Navigation banner for Diotima (6k)

L. ANNAEI SENECAE AD MARCIAM DE CONSOLATIONE III.3 - IV.3

Seneca counsels Marcia, whose son has died, that she has two models of maternal grieving she may follow. The first is Octavia, sister of Augustus, who lost her only son Marcellus in his twenties. About her mourning Seneca writes that she “set no bounds to her tears and moans, she closed her ears to all words that offered wholesome advice.” The second model is Livia, wife of Augustus and mother of Tiberius and Drusus, whose adoption as Augustus' heirs she engineered. Seneca commends her to Marcia for her self-restraint: “on the long journey, through which she accompanied the remains of her dear Drusus, her heart was harrowed by the countless pyres that flamed throughout all Italy -- for on each she seemed to be losing her son afresh -- yet as soon as she had placed him in the tomb, along with her son she laid away her sorrow, and grieved no more than was respectful to Caesar or fair Tiberius, seeing that they were alive.” (1)

III.3   Elige itaque, utrum exemplum putes probabilius. Si illud prius sequi vis, eximes te numero vivorum:
aversaberis et alienos liberos et tuos ipsumque quem desideras; triste matribus omen ocurres; voluptates
honestas, permissas, tamquam parum decoras fortunae tuae reicies; invisa haerebis in luce et aetati tuae,
quod non praecipitet te quam primum et finiat, infestissima eris; quod turpissimum alienissimumque est
animo tuo in meliorem noto partem, ostendes te vivere nolle, mori non posse. III.4. Si ad hoc maximae
feminae te exemplum adplicueris moderatius, mitius, non eris in aerumnis nec te tormentis macerabis:
quae enim, malum, amentia est poenas a se infelicitatis exigere et mala sua ~non~ augere! Quam in omni
vita servasti morum probitatem et verecundiam, in hac quoque re praestabis; est enim quaedam et dolendi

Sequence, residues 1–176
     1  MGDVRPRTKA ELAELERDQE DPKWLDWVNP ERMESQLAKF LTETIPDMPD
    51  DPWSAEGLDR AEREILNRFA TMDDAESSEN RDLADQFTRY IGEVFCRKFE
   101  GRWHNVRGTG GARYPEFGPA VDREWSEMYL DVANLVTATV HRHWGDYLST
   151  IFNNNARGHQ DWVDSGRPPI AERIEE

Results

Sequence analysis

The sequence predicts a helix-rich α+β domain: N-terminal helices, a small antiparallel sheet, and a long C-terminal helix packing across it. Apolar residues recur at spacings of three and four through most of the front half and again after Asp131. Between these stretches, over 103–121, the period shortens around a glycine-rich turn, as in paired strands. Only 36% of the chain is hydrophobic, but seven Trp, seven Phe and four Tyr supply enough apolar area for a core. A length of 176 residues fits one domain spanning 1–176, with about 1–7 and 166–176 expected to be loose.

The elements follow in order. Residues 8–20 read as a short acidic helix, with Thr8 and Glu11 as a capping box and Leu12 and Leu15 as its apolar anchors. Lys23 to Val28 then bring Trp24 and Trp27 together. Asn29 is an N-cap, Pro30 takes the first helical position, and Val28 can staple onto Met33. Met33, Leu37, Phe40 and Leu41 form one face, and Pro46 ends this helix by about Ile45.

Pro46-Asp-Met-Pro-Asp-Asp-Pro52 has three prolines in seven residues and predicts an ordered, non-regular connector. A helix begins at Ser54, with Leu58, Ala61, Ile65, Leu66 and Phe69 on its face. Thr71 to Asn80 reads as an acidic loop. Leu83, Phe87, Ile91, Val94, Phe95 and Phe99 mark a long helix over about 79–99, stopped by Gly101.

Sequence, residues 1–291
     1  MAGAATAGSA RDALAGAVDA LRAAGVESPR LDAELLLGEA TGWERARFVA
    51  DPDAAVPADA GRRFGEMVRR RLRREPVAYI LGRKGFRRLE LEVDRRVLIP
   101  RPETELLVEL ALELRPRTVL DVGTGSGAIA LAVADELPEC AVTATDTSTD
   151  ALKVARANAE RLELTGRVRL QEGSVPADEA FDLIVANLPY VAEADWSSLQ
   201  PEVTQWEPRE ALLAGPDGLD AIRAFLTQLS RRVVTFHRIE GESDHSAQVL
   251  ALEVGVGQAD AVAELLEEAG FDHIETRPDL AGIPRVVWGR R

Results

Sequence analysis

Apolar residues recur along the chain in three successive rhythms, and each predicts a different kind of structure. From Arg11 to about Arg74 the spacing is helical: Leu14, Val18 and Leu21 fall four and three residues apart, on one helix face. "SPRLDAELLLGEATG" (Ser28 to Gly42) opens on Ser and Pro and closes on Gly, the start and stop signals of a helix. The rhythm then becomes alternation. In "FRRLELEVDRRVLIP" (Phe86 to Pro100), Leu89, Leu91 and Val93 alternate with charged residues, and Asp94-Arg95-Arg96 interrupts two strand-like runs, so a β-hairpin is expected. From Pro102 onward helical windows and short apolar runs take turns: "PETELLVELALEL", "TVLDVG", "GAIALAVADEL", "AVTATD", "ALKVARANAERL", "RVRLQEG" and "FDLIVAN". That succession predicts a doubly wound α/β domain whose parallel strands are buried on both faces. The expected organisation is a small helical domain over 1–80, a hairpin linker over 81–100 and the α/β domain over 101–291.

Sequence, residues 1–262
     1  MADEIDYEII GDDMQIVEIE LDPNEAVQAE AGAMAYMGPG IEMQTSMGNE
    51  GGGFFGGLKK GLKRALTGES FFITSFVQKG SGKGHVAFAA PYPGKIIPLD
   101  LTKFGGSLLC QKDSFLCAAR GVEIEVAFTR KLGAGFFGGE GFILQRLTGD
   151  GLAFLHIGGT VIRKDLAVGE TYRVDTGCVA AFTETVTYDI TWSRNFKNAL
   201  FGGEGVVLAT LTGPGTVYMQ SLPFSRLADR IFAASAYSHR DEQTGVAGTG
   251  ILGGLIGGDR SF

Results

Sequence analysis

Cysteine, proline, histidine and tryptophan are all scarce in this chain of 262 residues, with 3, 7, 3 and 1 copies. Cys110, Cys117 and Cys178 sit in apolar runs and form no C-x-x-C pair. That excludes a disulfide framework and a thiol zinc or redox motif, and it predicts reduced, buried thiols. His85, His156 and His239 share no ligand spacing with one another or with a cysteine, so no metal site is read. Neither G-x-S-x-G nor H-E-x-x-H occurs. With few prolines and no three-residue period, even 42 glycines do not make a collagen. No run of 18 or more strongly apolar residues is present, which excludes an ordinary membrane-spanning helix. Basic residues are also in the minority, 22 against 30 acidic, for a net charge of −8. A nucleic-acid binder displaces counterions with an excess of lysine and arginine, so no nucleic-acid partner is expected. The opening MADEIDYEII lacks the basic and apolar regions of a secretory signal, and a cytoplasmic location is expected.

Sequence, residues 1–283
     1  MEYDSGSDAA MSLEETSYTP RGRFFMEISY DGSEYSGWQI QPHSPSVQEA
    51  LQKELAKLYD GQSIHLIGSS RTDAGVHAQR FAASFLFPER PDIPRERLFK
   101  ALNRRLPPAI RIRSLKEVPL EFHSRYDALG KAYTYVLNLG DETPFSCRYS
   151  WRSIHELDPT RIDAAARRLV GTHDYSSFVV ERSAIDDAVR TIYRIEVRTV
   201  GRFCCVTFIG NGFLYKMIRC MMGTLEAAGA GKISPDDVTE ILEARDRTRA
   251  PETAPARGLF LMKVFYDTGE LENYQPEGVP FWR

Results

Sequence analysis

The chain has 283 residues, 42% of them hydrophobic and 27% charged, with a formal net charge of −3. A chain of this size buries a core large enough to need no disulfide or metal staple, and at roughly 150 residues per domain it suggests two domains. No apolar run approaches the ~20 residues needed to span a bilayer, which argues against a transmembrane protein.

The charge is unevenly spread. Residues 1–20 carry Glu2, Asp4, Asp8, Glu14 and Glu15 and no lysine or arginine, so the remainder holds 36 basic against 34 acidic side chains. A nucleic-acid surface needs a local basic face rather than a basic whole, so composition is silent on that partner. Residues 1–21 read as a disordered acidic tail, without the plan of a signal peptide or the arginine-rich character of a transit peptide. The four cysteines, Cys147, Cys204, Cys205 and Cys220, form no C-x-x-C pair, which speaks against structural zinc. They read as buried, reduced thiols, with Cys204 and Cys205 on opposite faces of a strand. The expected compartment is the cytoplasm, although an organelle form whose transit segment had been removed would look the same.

modestia. Illum ipsum iuvenem, dignissimum qui te laetam semper nominatus cogitatusque faciat, meliore
pones loco, si matri suae, qualis vivus soleat, hilarisque et cum gaudio occurrit.

IV.1    Nec te ad fortiora ducam praecepta, ut inhumano ferre humana iubeam modo, ut ipso funebri die oculos
matris
exsiccem. Ad arbitrium tecum veniam; hoc inter nos quaeretur, utrum magnus dolor esse debeat an
perpetuus. IV.2. Non dubito quin Iuliae Augustae, quam familiariter coluisti, magis tibi placeat exemplum:
illa te ad suum consilium vocat. Illa in primo fervore, cum maxime inpatientes ferocesque sunt miseriae,
consolandam se Areo, philosopho viri sui, praebuit et multum eam rem profuisse sibi confessa est, plus
quam populum Romanum, quem nolebat tristem tristitia sua facere, plus quam Augustum, qui subducto
altero adminiculo titubabat nec luctu suorum inclinandus erat, plus quam Tiberium filium, cuius pietas
efficiebat, ut in illo acerbo et defleto gentibus funere nihil sibi nisi numerum deesse sentiret.

III. 3
elige -- eligo, eligere, elegi, electus: choose, pick out; pluck out
utrum – uter, tra, trum: which of two, the one that
probabilius -- adverb, comparative of probabilis
eximes -- eximo, eximere, exemi, exemptus: take out, take away, remove